Author (year)#Age (range)Segment and method of operationFixation methodSerum phosphate level (range)Healing indexComplications

Rubinovitch et al. (1988) [14]108 years
26 tibiae, 16 femurs, 2 subtrochanteric shortening and compression plating34 compression plates, 2 Sherman plates, and 2 staplesNRNR27% recurrence, anterior tibial compartment syndrome

Choi et al. (2002) [2]1413.9 years
8 femurs, 4 tibiae in DC; 9 femurs, 19 tibiae in DCLIlizarov EF2.3 mg/dL
2.2 months/cm
1 premature consolidation, 1 refracture, and 2 peroneal nerve palsies

Song et al. (2006) [10]2020 years
20 femurs, 35 tibiae; 28 DCL, 27 acute DC24 EF, 6 IM, 25 IM + EF2.0 mg/dL
2.6 months/cm—DO with EF
2.7 months/cm—DO with EF and IM
Recurrent deformity, equinus contracture, knee stiffness, and pin tract infection

Matsubara et al. (2008) [3]333.2 years
6 femurs, 4 tibiae; DCL9 Ilizarov EF, 1 Heidelberg EF2.1 mg/dL

Petje et al. (2008) [4]108.3 years
30 femurs, 35 tibiae; DC53 EF, 19 Ilizarov, 18 Kirschner wires2.1 mg/dL
NRFemoral fracture, pin tract infection, and 90% recurrence rate

Current study12 M23 years
12 tibiae; 8 DC(L), 4 DCLIlizarov EF2.2 mg/dL
1.68 months/cmShown in Table 4
27 IM9.6 years
27 tibiae; 12 DC(L), 15 DCL2.6 mg/dL
1.44 months/cm

#: number of patients; M: group mature; IM: group immature; DO: distraction osteogenesis; DC: deformity correction; DC(L): acute correction and concomitant lengthening; DCL: gradual correction and lengthening; EF: external fixation; IM: intramedullary nailing; NR: not reported.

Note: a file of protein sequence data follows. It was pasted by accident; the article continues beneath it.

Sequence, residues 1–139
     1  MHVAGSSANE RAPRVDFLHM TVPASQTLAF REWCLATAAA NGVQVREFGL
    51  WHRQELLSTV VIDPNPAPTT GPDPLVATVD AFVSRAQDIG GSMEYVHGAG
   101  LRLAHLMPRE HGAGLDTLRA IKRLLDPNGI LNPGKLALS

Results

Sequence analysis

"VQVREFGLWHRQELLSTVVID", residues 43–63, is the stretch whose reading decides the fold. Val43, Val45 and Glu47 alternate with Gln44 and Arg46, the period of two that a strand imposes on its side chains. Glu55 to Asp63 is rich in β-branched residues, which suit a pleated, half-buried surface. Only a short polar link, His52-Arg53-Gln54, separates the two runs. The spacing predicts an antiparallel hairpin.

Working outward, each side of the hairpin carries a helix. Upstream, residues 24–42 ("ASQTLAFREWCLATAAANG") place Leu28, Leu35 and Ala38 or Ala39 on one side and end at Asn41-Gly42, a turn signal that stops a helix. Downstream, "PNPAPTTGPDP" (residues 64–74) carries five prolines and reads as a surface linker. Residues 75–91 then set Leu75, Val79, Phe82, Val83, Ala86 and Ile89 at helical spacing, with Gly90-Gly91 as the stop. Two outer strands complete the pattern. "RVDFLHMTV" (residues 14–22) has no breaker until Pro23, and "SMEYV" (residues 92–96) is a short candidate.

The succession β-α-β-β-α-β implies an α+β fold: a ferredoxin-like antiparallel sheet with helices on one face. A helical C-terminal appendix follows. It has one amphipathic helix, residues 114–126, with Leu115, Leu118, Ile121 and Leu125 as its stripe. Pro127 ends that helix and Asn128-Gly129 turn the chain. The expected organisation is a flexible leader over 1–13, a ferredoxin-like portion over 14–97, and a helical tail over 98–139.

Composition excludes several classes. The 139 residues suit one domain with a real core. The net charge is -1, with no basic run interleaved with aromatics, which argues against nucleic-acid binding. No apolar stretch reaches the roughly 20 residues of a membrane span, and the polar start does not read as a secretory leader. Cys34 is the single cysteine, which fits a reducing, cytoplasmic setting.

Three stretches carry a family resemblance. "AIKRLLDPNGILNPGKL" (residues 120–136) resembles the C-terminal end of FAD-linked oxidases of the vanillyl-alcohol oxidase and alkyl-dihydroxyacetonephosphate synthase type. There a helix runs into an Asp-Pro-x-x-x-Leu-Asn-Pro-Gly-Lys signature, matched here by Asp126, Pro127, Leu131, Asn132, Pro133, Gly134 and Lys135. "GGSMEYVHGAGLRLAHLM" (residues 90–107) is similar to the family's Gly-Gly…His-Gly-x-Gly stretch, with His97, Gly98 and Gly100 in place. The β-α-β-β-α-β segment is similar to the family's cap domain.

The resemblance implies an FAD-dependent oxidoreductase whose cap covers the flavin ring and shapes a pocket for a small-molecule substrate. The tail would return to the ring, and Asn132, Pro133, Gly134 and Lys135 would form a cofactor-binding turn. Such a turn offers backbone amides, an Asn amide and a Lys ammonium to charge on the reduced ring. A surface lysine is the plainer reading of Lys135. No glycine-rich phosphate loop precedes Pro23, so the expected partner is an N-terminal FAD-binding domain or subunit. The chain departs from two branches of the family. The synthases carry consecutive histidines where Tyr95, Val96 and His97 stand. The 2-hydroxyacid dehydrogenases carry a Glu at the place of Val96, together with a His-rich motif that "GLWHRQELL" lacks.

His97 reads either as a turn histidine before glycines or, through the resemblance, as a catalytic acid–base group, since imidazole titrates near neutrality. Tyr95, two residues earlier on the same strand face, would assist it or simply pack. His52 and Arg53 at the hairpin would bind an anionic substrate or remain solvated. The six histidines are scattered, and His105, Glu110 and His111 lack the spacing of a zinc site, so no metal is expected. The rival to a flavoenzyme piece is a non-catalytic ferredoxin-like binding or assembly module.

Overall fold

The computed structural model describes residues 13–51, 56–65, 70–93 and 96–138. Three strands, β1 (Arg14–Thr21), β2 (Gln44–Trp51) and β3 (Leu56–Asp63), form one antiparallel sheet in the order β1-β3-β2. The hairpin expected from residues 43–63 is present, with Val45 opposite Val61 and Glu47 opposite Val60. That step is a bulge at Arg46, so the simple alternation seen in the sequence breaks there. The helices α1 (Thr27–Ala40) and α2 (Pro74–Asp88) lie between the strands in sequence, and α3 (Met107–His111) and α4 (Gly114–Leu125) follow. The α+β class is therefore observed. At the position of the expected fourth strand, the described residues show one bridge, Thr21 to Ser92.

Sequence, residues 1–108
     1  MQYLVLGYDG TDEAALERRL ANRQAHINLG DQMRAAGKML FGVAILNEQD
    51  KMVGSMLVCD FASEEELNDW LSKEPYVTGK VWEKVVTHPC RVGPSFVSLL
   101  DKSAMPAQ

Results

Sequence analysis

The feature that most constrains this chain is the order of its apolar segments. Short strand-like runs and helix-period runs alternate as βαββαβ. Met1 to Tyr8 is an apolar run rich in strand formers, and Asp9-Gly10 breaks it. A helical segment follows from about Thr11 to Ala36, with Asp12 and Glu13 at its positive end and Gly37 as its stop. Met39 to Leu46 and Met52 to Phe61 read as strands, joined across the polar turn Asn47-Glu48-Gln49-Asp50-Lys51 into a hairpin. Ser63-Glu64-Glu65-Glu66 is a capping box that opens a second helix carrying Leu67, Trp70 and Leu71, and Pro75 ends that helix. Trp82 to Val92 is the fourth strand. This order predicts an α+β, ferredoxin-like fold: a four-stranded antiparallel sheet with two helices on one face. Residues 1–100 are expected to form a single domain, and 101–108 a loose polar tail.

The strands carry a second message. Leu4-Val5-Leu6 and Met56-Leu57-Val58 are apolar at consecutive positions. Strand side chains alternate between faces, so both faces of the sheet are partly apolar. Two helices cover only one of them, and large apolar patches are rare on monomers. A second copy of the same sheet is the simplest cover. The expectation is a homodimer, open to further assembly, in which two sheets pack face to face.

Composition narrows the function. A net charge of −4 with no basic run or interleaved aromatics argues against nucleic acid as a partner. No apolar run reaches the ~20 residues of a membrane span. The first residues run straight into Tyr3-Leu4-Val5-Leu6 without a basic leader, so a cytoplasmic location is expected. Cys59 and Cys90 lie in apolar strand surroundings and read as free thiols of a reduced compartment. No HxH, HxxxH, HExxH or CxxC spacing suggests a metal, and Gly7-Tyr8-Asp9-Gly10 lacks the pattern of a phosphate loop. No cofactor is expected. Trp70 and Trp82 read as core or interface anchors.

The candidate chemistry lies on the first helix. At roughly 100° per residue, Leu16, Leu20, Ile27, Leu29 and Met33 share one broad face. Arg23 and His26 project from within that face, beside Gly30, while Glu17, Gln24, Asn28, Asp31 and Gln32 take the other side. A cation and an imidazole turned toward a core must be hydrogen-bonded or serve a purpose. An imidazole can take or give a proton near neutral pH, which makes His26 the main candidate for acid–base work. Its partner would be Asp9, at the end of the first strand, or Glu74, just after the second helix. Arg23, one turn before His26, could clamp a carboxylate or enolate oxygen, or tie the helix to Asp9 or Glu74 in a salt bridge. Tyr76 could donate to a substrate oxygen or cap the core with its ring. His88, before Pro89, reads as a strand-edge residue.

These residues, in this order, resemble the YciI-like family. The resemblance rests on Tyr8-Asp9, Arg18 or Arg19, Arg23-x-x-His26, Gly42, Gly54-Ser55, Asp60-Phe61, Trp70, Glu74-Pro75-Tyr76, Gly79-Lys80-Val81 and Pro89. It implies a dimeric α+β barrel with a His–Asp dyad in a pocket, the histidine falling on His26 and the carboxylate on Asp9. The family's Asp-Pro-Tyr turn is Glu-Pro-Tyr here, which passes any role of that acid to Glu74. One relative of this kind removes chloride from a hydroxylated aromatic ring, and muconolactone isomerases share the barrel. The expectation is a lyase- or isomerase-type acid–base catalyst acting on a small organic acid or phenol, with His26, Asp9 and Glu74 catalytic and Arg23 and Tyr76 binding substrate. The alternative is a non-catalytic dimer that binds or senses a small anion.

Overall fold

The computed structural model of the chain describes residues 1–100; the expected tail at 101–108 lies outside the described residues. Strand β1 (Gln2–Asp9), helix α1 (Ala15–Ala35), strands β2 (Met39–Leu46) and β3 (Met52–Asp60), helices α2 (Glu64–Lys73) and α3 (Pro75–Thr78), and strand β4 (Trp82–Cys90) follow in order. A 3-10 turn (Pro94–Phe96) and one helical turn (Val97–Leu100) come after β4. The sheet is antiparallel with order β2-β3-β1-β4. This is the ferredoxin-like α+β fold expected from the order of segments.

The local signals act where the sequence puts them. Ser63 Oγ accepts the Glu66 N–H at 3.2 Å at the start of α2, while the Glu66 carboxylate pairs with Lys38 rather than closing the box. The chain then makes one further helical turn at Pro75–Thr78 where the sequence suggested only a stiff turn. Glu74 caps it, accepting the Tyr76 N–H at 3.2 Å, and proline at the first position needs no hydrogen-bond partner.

The study of Wigner et al. [1] reported that phosphate plays a critical role in normal skeletal development and responsiveness to bone morphogenetic proteins (BMP), which belong to the transforming growth factor- superfamily. BMPs have been shown to play important roles in embryonic organ development, limb formation, and fracture healing including those that exhibit nonunion [1, 1618]. In the context of fracture healing, BMPs bind to mesenchymal stem cells and promote their proliferation and differentiation into osteoprogenitor cells, making them truly osteoinductive [19]. Although it is clinically a known consensus that serum phosphate level affects bone consolidation and regeneration, only little is known about the physiological role of phosphate in skeletal development and repair. Bone formation and remodeling are energy consuming processes. The main sources of energy are in the form of adenosine phosphates and, to some extent, cyclic monophosphate, which is converted to adenosine triphosphate (ATP). Buchholz et al. [20] performed a study to investigate the correlation of ATP levels between bone metabolisms in the fractured tibiae of rabbit models using high-performance liquid chromatography. The mean ATP concentration in healthy cortical bone was significantly higher than that in the group with delayed healing and muscle-flap coverage. Thus, they concluded that the process of bone remodeling and repair was reflected by the level of ATP levels which are dependent on the level of serum phosphate. In this study, the clinical significance of the cut-off level of serum phosphate for safe healing could be assessed through the number of complications that occurred in the patients of each skeletal group with different values of serum phosphate. In group IM, the total number of major and minor complications observed in patients whose serum phosphate level is below the cut-off level of 2.3 mg/dL was 48 and that of major and minor complications seen in patients who maintained their serum phosphate above the cut-off level of 2.3 mg/dL was 32. In the same pattern, in group M, the total number of major and minor complications observed in patients whose serum phosphate level is below the cut-off level of 2.6 mg/dL was 20 and that of major and minor complications seen in patients who maintained their serum phosphate above the cut-off level of 2.6 mg/dL was 10. Also major bony complications in between subgroups of both group IM and group M were observed differently with statistical significances, indicating that serum phosphate level played a critical role for the bony healing process and affected bony complications significantly.